Chip makers pinched as consumers move toward cheaper CPUs
By Matthew Fordahl
SAN JOSE, Calif. -- When Jeanette Bosio was shopping for a computer, she wasn't looking for the fastest processor, richest sound or fanciest graphics. She wanted the best price.
The $1,100 Compaq Presario 700 notebook she bought this year is good enough for her needs. It plays music, shows movies and can connect to the Internet, a requirement of her two school-age daughters.
"If it were for my business, I would have spent more," said Bosio, who owns a construction company. "For my personal use, I don't need that much. I'm a single mom, so money was an issue there."
Bosio isn't alone. The ranks of value-minded shoppers appear to be swelling, at least according to the latest financial data reported by the makers of microprocessors, the brains of PCs.
Both Intel Corp. and Advanced Micro Devices Inc. reported selling far fewer high-end processors in the second quarter than they had hoped for. Whether this is an anomaly or the start of something bigger is the subject of considerable debate.
An obvious explanation is the economic downturn and tighter budgets for both consumers and businesses.
Computer makers may have misjudged demand overall. Another possibility is that consumers see no real need to buy more performance when slower, less expensive machines handle most jobs well enough.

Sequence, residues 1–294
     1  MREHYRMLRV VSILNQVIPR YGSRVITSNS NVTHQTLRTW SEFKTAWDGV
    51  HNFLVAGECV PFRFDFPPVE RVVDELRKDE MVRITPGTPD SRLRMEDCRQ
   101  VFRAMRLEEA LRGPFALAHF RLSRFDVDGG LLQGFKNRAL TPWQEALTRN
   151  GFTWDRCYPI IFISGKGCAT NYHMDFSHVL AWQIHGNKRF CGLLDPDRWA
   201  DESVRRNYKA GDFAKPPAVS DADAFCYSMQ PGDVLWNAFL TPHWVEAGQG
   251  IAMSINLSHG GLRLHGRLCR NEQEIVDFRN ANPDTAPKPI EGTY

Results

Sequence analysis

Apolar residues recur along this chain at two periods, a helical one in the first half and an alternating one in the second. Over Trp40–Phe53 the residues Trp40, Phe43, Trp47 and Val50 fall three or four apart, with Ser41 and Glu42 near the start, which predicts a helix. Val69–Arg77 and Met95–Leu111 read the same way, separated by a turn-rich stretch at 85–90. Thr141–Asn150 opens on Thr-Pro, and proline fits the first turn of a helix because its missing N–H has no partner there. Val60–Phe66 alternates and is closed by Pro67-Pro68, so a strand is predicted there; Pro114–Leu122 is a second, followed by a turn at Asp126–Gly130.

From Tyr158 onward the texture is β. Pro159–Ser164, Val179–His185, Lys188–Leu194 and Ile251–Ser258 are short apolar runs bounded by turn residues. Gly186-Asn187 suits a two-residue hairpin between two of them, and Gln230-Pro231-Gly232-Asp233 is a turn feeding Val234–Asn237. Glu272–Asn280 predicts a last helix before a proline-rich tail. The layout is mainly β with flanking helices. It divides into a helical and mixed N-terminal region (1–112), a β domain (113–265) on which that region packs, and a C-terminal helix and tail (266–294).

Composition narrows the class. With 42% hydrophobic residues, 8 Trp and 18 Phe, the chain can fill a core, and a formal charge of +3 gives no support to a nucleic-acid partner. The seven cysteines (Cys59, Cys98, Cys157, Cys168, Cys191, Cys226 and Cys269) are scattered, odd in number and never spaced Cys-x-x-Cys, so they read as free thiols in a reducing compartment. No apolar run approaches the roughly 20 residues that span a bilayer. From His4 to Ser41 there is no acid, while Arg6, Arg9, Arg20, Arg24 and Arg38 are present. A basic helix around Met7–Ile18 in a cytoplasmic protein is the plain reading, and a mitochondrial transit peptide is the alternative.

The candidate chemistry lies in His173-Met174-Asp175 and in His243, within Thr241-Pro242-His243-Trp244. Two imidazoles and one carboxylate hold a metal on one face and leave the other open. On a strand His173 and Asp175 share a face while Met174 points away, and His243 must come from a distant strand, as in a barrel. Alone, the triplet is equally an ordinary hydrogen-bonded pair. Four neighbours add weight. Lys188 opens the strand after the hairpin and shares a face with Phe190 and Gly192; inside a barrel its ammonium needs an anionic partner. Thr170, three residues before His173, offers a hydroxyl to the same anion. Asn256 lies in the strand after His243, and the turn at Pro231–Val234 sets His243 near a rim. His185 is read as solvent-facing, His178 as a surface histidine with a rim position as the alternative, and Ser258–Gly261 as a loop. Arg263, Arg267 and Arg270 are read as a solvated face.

"The folks who are using these machines for office productivity, e-mail, surfing the Web over a dial-up modem, decided in many cases that the lower speed machines are more than adequate for their needs," said Nathan Brookwood, an analyst at the research firm Insight 64.
Despite chip makers' spending on TV, radio and print ads that feature the latest benchmark tests, space aliens or even dancing clean-room workers in bunny suits, Bosio said she paid little attention to processors in her hunt.
Instead, she consulted with friends and looked for a machine that could handle her needs. She ended up buying her Compaq laptop at the Costco store in Salinas, 60 miles south of San Jose.
Bosio's machine runs on a Duron processor, AMD's value line introduced in 2000 in part to compete with Intel's Celeron brand, which debuted in 1998.
The companies created the inexpensive lines as a way to separate their value and high-end offerings. Now, however, high-end Pentiums and Athlons are finding their way into inexpensive systems as the companies continue to lower prices as they introduce faster models.
That can pinch the bottom line, because chip makers generate more cash and profit from high-end processors than lower-end models.
AMD was hit the hardest. In the second quarter, it twice scaled back its revenue forecasts, blaming both weak demand and a shift in the mix.
AMD eventually posted sales of $600 million, down from original estimates of $820 million to $900 million. It posted a loss of $185 million.
Intel's story is murkier. The world's largest chip maker said its product mix shifted during the quarter to lower-end Celeron chips.
A full 35 percent of the desktop processors Intel shipped in the second quarter were for value systems -- up from 30 percent in the first quarter and "a pretty big shift," according to Eric Ross, an analyst at Investec Inc.
That was a "blip" that will have no impact on Intel's bottom line over the long run, says Louis Burns, general manager of Intel's Desktop Platform Group, acknowledging that a large move toward less-expensive chips "would be a big concern."
Then again, second-quarter numbers might have been skewed not by a shift in customer demand but by the fact many computer makers had expected sales to show more improvement.
"There were a lot of manufacturing-oriented decisions rather than consumers going out in droves and buying the cheapest PC they can buy," McCarron said. "They weren't buying anything."